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An Inspector Calls

February 7, 2010

The staff at my school were called to a meeting at 3:30 last Thursday. To cut a long story short, we are getting visitors on 1st March.

I know that there is a lot of talk about the new ‘friendly’ approach to school inspections, but I’ve only been inspected once before when I was still just an unpromoted classroom teacher… and, to be honest, the lesson I delivered was such a disaster that I still have nightmares about it (I’ll tell you over a pint, but I’m not committing it to anything more tangible than that)!

Fast forward to today, and I am now a relatively new PT with lots of ideas and a large department who I think the world of and really don’t want to let down. I hope I’m not going to be found wanting…

One thing that is already making a difference to me is my network. The last time the school I was in was being inspected (Larbert High School, 1999) I had only my school colleagues to talk to. This time, I’ve already had several conversations with friends and colleagues from across the country who have been through the inspection process very recently. They are giving me lots of great advice and things to check on with the result that I am going in to the whole process with a much clearer notion of what I need to do. Absolutely invaluable for a PT about to undergo his first inspection.

As the inspection gets closer, I’m hoping to post some of my thoughts on the whole process along with any tips I can give to the next person who will be having visitors. In the meantime, I’ve got some marking to do, then some preparation for tomorrow, some planning for a forthcoming school trip, TeachMeet arrangements to make, a 4 year old to make chocolate milk for, and… and… and… and they wonder why teachers get tired! ;o)

Any of your good advice would be welcome in the comments!

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5 Comments leave one →
  1. Peter permalink
    February 7, 2010 9:02 pm

    Neil, the inspection process is a good experience and one I think you will enjoy. I’m sure you and your department ensure that the needs of all young people are met and they know what stage/level they are working to/words.

    You will, obviously, be using all aspects of AifL and be conducting professional review and reflection to develop practitioners learning and teaching. Do you document and record classroom observations, do other staff in the department take part in peer observation and how does this impact on the young people?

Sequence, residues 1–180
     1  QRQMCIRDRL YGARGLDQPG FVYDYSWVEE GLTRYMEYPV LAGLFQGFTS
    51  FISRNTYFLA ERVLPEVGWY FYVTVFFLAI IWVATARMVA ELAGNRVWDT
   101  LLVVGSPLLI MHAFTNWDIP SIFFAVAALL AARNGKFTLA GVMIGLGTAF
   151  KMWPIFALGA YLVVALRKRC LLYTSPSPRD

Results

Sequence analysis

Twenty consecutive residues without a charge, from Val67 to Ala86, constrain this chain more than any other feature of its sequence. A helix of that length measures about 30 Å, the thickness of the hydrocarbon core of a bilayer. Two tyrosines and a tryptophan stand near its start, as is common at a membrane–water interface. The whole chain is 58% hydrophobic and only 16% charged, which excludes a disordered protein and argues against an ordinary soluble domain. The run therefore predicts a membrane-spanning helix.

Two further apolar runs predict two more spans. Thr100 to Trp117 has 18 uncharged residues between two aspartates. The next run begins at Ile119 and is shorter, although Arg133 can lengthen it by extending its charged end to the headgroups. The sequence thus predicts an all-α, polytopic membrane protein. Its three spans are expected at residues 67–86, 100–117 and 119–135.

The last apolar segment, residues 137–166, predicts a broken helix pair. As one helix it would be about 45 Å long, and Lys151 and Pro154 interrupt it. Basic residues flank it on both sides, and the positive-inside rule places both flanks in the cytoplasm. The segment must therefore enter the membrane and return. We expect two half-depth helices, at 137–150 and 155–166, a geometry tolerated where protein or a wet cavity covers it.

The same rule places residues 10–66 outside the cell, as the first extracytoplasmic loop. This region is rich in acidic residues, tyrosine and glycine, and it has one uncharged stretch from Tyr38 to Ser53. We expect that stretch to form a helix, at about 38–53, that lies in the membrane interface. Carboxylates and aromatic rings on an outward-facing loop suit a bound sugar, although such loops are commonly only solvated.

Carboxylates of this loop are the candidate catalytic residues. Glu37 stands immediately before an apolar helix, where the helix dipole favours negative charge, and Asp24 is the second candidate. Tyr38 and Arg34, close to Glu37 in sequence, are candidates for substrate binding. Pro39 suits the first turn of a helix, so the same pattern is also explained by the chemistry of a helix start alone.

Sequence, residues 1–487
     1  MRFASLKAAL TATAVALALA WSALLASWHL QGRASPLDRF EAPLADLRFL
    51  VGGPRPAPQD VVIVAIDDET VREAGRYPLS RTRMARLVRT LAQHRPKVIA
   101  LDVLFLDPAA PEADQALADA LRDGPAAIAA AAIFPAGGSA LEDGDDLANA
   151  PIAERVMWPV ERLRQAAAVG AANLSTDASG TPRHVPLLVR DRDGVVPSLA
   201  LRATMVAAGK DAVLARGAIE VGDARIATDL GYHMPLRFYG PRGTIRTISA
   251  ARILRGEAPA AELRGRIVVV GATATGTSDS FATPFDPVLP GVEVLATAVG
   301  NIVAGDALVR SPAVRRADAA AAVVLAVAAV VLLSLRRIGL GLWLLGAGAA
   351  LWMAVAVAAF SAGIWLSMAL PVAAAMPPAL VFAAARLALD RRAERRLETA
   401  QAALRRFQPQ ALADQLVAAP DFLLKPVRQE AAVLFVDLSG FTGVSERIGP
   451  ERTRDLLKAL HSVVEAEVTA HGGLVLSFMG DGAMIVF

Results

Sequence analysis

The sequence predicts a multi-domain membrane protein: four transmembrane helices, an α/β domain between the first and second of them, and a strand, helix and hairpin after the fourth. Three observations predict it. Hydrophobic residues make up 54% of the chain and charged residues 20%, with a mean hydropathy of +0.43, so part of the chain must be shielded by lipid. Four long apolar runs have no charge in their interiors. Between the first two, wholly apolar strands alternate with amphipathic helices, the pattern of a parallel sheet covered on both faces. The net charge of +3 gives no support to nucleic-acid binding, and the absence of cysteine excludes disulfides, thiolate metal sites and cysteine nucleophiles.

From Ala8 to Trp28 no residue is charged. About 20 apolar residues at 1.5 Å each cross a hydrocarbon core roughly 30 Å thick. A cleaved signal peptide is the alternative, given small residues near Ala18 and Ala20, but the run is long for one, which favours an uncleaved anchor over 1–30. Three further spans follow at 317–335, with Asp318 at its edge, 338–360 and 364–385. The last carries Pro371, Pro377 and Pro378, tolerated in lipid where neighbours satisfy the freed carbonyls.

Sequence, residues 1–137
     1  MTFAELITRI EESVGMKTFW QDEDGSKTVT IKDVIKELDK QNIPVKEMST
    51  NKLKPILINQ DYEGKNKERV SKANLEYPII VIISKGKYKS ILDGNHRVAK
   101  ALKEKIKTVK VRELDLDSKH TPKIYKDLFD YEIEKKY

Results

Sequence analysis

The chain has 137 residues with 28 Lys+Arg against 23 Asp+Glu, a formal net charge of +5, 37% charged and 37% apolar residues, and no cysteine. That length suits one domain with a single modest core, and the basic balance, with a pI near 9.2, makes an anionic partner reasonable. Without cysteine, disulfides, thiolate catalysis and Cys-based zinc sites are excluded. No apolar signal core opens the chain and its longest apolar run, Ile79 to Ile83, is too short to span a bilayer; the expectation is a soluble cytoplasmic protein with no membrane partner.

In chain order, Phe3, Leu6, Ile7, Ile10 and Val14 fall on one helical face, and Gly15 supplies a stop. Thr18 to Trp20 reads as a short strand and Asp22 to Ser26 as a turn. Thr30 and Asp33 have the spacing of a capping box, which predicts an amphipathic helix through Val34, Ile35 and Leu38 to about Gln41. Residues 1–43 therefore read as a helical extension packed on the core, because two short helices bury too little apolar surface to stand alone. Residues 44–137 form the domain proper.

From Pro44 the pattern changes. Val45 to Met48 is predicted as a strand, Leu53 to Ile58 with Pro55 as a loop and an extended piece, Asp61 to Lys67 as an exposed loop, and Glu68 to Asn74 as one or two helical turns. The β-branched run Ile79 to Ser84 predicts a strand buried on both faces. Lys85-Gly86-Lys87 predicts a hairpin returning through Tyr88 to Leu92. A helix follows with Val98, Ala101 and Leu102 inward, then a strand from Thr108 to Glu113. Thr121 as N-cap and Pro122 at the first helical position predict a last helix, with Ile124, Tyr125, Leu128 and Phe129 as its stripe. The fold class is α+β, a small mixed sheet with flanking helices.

How do you use differentiation in the class, do you have different groups working on different topics?

    Probably more questions than answers, hopefully of some use if anything I would recommend you have a read of:

    http://www.hmie.gov.uk/documents/publication/ioltse.pdf

    http://www.hmie.gov.uk/documents/publication/iocts.pdf

    Regards

    P

  2. February 7, 2010 9:57 pm

    Hi Peter,
    Thanks for these thoughts. I think we’re up to date on most of these. We’re actually trying to timetable in peer observations, but the earliest we can get ‘formal’ sessions done is in April! (The joys of trying to fit everything in!)

    We do regularly drop in to each others classes, and occasionally swap teachers for a period for particular lessons (I’ve just been doing context setting for Wilfred Owen for two of the other teachers in the department while they took my class for Macbeth and drama lessons).

    I know both the HMIe docs… though I’m still working on memorising them ;o)

    Would appreciate it if you think of anything else and were to post it. I think it might be a great idea to build this into a resource for other teachers to consult in future…

  3. February 7, 2010 10:41 pm

    Lucky you!

    Our recent inspection was a relatively benign experience. The inspector did a thorough, professional job but there was no feeling that he was trying to catch us out.

    We were left feeling a bit disappointed that we got no formal written feedback as a department – just a verbal session with our inspector. And we didn’t get much personal feedback on individual lessons, apart from the aspects of good practice which the inspector mentioned in the end-of-inspection meeting with the department.

    HMIE want to see that you know where you are (and can provide evidence to support your judgement of yourselves as a department), know where you are going and know how you plan to get there.

  4. February 8, 2010 8:03 am

    As a relatively new teacher I have never been involved with an inspection but as a professional outwith education I understand the pressure of audits and scrutiny.

    It seems to me like you’re heading in with a clear view of what you’re already good at, what you want to improve and how you’re going to do it.

    This should be enough to please. In addition, constructive criticism and a fresh take on the department will hopefully be useful. I think you have the right attitude to learning and teaching and the due respect for the inspection process to succeed.

    A* from me Mr Winton!

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